Büxensteinlied (Im Januar, um Mitternacht...)

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Eeafanas
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Büxensteinlied (Im Januar, um Mitternacht...)

Post by Eeafanas » 10 Jan 2024 13:19

From the beginning of the Spartacist uprising on 5 January 1919, the buildings of Berlin's leading newspapers were occupied by armed workers and revolutionary soldiers. Six days later, under the leadership of Gustav Noske, Social Democrat and Reich Minister of Defence, a counter-offensive by the government forces began. Annemarie Lange writes:
During the night the troops with heavy artillery advanced towards the city centre. On 11 January Noske defiantly entered the government and newspaper districts with his Kiel Brigade and the Guards Rifle Cavalry Division. Barricades made of rolls of printing paper were erected at the main entrances. The first to attack the printing house of the newspaper „Vorwärts“ under cover of fire of four mortars moved squads of grenadiers, At eleven o'clock everything was over. 300 workers were taken prisoner. The same story happened in the printing houses of Mosset, Ulstein and Büxenstein: the defenders had no chance [to stand] against the grenadiers and mortars. Only a few of them managed to save themselves by escaping through the roofs.
The „Büxenstein-Lied“ recounts the January 1919 battles for the Berlin newspaper district, in particular the defence and capture of the Bücksenstein newspaper printing house. It is one of the songs that was included in the 1920 KAPD songbooks. It is also the earliest Communist version of the soldier's song „Argonnerwald“ („Argonnerwald, um Mitternacht...“). In 1925, „Büxenstein-Lied“ was added to the repertoire of various KPD songbooks, including those of the Red Front Fighters' League. Thus, the RFB songbook „Rot Front!“ says:
We have included in the appendix some songs which have no special artistic value, but which have won their right to life in the mouths of the revolutionary proletariat.
In 1929, a verse translation into Russian of „Büxenstein-Lied“ was composed by Alexander Adolfovich Blumenau, with musical recording and arrangement by Alexander Vasilyevich Alexandrov.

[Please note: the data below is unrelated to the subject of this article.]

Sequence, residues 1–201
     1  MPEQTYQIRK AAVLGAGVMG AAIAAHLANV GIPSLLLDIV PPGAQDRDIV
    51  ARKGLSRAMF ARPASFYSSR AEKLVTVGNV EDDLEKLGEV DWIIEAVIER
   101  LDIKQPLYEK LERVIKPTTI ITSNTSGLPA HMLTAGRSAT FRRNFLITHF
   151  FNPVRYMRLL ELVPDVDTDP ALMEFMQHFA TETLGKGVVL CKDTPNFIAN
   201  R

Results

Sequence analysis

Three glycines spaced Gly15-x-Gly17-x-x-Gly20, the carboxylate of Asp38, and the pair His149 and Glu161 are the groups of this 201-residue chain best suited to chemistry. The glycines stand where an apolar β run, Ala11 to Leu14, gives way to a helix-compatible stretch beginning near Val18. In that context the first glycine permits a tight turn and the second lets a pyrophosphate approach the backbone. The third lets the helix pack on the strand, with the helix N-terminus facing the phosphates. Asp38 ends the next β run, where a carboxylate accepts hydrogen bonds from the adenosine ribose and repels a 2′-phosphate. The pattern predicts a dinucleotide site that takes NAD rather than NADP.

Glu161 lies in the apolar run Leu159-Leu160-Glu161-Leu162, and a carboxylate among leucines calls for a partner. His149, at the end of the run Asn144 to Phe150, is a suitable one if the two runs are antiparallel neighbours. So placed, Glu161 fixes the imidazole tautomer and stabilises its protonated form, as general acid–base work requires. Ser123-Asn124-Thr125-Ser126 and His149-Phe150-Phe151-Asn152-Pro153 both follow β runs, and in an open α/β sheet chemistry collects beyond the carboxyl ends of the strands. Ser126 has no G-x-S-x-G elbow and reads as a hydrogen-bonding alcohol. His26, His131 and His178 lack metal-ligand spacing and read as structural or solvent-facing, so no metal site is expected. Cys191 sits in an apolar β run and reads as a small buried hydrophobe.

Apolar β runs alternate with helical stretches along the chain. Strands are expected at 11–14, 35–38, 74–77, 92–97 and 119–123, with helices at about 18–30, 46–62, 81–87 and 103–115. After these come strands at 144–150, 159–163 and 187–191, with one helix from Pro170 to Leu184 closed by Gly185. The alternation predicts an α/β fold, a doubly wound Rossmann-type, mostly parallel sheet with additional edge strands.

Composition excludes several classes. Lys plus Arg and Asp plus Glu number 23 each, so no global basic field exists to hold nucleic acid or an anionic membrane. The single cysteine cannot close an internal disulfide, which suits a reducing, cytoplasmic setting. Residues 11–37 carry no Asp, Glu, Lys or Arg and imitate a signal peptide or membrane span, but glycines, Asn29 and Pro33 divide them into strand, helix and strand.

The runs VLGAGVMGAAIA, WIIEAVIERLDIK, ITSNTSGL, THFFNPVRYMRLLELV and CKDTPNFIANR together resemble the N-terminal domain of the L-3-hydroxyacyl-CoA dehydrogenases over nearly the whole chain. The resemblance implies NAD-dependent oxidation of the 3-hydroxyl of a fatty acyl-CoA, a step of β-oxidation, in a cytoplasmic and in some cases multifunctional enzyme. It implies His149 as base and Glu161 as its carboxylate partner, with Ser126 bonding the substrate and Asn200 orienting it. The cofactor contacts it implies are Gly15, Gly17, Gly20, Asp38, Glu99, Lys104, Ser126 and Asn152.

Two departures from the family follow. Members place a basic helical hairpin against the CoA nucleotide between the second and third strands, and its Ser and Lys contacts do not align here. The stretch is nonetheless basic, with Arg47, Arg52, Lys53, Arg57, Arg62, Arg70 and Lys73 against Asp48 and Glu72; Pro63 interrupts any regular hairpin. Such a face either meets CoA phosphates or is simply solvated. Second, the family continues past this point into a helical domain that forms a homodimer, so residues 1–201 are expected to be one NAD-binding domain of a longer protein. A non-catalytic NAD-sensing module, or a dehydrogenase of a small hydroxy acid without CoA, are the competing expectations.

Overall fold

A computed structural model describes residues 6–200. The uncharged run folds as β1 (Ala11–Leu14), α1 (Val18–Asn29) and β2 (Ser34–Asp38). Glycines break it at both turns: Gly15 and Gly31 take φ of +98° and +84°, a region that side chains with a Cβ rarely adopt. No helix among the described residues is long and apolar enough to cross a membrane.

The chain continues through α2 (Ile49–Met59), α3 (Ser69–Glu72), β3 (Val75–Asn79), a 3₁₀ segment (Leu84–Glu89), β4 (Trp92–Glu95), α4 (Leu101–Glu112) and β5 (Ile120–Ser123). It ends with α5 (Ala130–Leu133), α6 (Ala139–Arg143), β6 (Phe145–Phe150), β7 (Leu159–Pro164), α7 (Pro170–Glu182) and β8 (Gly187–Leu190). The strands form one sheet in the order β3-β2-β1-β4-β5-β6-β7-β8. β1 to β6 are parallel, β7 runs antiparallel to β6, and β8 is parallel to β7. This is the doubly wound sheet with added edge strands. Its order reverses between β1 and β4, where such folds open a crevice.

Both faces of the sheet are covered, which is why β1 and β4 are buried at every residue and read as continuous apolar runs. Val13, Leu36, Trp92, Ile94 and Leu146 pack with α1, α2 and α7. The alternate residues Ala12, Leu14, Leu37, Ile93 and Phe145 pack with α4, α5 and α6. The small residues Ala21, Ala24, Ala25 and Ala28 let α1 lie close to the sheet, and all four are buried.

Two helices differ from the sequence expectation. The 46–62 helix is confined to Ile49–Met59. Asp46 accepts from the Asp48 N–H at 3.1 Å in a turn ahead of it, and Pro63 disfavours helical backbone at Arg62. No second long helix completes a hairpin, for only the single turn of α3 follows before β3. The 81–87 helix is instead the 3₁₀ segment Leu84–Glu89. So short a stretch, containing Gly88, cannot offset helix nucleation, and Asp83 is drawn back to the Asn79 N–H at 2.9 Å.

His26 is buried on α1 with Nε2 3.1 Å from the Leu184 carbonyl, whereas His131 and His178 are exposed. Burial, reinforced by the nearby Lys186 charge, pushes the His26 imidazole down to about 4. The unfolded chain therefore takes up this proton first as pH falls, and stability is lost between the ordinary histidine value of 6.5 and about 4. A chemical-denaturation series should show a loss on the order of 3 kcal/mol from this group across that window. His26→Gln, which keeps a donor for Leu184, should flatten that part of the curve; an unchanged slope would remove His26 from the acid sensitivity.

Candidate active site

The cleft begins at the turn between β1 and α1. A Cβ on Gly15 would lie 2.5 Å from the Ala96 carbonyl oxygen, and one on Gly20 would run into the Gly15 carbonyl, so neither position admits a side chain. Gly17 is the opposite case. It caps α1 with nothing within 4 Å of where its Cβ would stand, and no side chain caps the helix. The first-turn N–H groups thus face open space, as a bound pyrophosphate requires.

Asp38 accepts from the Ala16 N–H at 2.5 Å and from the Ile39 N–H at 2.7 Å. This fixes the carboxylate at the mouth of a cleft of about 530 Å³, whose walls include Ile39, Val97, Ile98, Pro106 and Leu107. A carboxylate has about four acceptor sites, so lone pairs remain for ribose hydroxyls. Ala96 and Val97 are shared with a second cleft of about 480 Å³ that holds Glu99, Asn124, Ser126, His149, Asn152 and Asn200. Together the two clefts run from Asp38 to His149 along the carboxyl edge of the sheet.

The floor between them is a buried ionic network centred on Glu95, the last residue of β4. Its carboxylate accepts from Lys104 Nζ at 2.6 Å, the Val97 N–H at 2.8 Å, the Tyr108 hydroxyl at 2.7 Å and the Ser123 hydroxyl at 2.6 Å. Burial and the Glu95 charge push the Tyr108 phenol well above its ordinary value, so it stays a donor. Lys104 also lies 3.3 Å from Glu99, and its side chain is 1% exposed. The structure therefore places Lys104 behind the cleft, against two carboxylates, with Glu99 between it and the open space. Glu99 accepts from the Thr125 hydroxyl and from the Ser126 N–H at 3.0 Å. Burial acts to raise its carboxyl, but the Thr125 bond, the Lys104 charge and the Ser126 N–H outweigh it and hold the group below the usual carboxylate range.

This version, which was called „Бюксенштейн“ in the USSR, was published in the third issue of the materials of the Red Army Song Ensemble of the Central House of the Red Army (Центральный дом Красной армии / ЦДКА) „The Bavarian Red Army in Songs“ („Баварская Красная Армия в Песнях“). In these materials there were directions to the production and notes. They stated:
...The song is imbued with deep lyricism. In the tone of the reciter should sound deep sadness about the brutal murder of Karl Liebknecht and Rosa Luxemburg.
This song is sung in a moderate slow tempo. Its peculiarity is that at the beginning of the song the melody is in the 1st bass. It should be emphasised.
During the performance of this song the standard bearer bows the banner.

...3) Büxenstein - the name of the quarter in Berlin, where the battles of Spartacists with reactionaries took place.
Before singing the song, the reciter was to say the following words:
On the 9th of November, the German Empire collapses.
The war is over.
The monarchy is overthrown.
Long live the republic!
The November coup in Germany brings to power the Social Democrats, traitors to the proletariat.
Their slogan is the defence of capital against the Proletarian Revolution and a ruthless struggle against the Spartacists, the bearers of Bolshevik ideas in Germany.
The bloody Noske armed the white officers and set them against the workers.
On the 15th of January the leaders of the young German Communist Party, Karl Liebknecht and Rosa Luxemburg, are brutally murdered. In memory of these bloody days, a song about the heroic struggle of the slain Spartacus was formed.
The text (except for the verse Russian translation) is adapted for the performances in the videos attached below.

German text:
Im Januar um Mitternacht
Ein Spartakist stand auf der Wacht.
Er stand mit Stolz, er stand mit Recht,
Stand kämpfend gegen ein Tyranngeschlecht.
Er stand mit Stolz, er stand mit Recht,
Stand kämpfend gegen ein Tyranngeschlecht.

Und mit der Knarre in der Hand
Er hinterm Zeitungsballen stand.
Die Kugeln pfeifen um ihn rum;
Der Spartakist, er kümmert sich nicht drum.
Die Kugeln pfeifen um ihn rum;
Der Spartakist, er kümmert sich nicht drum.
Translation:
At midnight in January
The Spartacist stood on guard.
He stood with pride, he stood with right,
Standing, fighting against a tyrant's kind.
He stood with pride, he stood with right,
Standing, fighting against a tyrant's kind.

And with rifle in hand
He stood behind a pile of newspapers.
Bullets whizzing around him;
The Spartacist doesn't care.
Bullets whistling around him;
The Spartacist doesn't care.